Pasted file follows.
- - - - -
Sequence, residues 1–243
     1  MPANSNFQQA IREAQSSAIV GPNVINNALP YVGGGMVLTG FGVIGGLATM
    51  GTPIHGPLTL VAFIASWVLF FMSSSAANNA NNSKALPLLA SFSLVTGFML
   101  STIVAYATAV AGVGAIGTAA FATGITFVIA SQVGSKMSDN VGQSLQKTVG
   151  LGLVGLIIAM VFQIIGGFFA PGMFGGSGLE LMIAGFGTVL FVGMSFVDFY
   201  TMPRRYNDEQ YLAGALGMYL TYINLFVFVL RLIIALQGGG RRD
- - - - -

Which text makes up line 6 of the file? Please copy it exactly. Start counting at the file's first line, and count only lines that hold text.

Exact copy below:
   201  TMPRRYNDEQ YLAGALGMYL TYINLFVFVL RLIIALQGGG RRD